This scares me a little.

Not because I am a Democrat (though recently I have leaned that way)

Not because I like President Obama (I am not huge fan myself).

There is something about the presentation of those views that seem to say, “OBAMA SUCKS! And you are retarded if you think otherwise.”

And even though that makes me uncomfortable, I have to be for his right to put it on his truck.

The political rhetorical in this country has been so amped up by partisan bickering and intolerance that the conflict is beginning to look like the U.S. right before the Civil War.

So, how can we export a value that we ourselves no longer believe in?

Individual rights? Yes. Especially in the “Red” States.

Income equality? Yes. Especially in the “Blue” States,

But the idea that we should live tolerantly, peacefully next to each other and not resort to character assassination and violence?

Not so much.


The answer could be found in what we have lost: our Judeo-Christian moral compass.

I am not just talking about recent U.S. history, I am talking about the West since the Church was merged with the State under the Roman Emperor Constantine.

We’re talking way back.

There were certainly divergent exceptions, but for the most part the early Church was the biggest promoter of peace and the liberating power of the Gospel over all spiritual and societal oppression.

Most Christians would not fight in the Empire’s wars, some because of their refusal to pledge allegiance to Caesar and others because they believed that Jesus was the end of all justification for non-divine violence.

Christianity changed dramatically when it became the benefactor of the State; all of sudden the Church and the world were inseparable.

And though there have been glimmers of hope, we have never really recovered that understanding of the message of the Gospel.

That we should be for reconciliation and not violence.

That we should be about forgiveness and not revenge.

The U.S.’s perception outside of the Western world is that it is a “Christian nation.”

Mostly because of the Right-wing zealots that yell it ad nauseum.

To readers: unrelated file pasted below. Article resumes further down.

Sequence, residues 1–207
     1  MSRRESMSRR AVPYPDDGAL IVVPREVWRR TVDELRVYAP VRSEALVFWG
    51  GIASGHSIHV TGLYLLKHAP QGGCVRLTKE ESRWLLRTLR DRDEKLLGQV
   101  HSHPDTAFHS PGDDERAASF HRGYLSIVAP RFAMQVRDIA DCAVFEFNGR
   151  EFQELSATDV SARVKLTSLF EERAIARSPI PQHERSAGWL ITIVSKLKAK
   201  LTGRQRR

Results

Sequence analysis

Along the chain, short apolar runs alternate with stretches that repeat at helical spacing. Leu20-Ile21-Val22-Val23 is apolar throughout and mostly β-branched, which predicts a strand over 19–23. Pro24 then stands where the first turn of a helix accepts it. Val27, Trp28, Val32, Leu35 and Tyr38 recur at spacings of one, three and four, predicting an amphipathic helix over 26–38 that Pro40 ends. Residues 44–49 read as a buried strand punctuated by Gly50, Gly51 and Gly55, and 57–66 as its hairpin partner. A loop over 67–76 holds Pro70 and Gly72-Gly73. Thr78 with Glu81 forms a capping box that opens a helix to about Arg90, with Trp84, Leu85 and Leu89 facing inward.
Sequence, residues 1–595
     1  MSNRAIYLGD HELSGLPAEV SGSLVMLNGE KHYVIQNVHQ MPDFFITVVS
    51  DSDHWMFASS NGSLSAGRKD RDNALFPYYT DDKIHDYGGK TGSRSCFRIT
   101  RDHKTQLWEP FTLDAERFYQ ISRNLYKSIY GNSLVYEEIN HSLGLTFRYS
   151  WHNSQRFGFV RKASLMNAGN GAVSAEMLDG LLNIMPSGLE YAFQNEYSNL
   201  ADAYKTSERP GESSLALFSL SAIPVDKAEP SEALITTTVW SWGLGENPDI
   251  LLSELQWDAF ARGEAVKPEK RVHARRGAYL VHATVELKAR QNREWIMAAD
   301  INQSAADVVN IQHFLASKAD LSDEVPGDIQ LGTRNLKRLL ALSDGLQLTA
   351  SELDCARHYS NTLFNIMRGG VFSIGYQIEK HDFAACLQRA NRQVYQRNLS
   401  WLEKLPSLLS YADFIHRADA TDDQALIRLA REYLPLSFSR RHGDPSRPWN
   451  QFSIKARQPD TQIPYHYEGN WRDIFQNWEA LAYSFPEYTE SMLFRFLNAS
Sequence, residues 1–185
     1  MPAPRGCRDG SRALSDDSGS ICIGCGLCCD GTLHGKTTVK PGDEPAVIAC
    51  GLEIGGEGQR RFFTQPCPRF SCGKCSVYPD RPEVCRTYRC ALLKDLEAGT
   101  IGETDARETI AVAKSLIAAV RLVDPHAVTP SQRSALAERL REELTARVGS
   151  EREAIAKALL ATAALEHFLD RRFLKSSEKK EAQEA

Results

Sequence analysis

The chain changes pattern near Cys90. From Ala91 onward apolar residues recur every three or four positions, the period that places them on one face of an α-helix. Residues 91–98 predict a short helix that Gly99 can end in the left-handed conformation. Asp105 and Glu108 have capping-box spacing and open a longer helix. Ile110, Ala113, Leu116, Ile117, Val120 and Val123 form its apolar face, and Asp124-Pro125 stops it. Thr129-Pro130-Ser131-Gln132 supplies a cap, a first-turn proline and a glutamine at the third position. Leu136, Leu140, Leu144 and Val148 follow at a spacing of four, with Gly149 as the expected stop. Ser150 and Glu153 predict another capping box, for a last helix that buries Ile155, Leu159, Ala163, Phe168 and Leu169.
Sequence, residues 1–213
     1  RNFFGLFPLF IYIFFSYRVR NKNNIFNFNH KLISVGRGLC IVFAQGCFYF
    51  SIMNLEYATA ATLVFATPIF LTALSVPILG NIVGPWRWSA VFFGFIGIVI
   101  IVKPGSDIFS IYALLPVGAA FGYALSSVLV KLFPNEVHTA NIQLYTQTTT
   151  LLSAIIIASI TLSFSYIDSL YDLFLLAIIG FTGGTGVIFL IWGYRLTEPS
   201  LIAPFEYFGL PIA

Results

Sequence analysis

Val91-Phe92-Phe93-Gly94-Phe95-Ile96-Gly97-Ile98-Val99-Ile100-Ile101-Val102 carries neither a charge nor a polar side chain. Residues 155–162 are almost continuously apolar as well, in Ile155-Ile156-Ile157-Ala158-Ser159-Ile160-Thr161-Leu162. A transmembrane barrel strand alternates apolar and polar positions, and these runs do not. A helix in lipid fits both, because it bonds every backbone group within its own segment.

So, the name of Christ and the Church gets all wrapped up in the U.S.’s biggest vices:


Oil Exploitation

Imperialistic Democracy

The Human Rights Violations Against Non-U.S. Citizens

The Presence of U.S. Soldier in Saudi Arabia (seen by many as an invasion of the Muslim holy land)

The Unwavering Support of Zionism and its Heartless Subjugation of Palestinian Peoples.

All of this is seen as the result of the U.S. being Christian.

God help us.

These people have no concept of a secular/sacred separation; all of life is dominated by Allah’s voice as spoken in the Quran.

They see Christians, all Christians, as manifestations of the West; the “Great Satan.”


The U.S. and the West cannot solve this problem.

The Gospel however, can bring hope to these Muslims; the Gospel that is not linked to our Western trappings.

Christ offers a peace and reconciliation with God that is the only way to bring the kind of reconciliation that is needed in these conflicts.

We need more Christians who are willing to die for Muslims, not in spite of them.

I am ashamed when I hear of so many bloodthirsty Christians supporting the circular violence that continues to escalate in the Middle East.

The Gospel does not allow for fanatics, because the Gospel gives men and women the choice to love or walk away from God.

The Gospel brings an assurance that is confident but not arrogantly certain.

Jesus offers the kind of holiness and purity that many of these Muslims are desperately seeking.

We cannot control the violence done against us, nor can we control the actions of the U.S. government.

But what we can do is change the perception in the Muslim world; we can stand with them when our traditional allies (e.g. Israel) are wrong.

We can begin to pray and mobilize to help combat rampant poverty, illness, and ignorance (lack of education) that pervades these cultures.

Not because we want to make them more like us, but we want God to free them to be the people he has made them to be.

It’s time to start raising our voices against the oil exploitation.

It’s time to start peacefully, but deliberately protesting actions are government takes that worsens the quality of life in those countries.

It’s time we lead the way in opening a dialogue with these radical fundamentalists, because this is what Jesus would do.

And then he would be willing to take their curses and die for them all over again.

It won’t make us popular.

It will be pretty scary.

But it may have a chance to bring results rather than the status quo.

More bombs.

More deaths.

More hate.

Wash, rinse, repeat.


Grace and Peace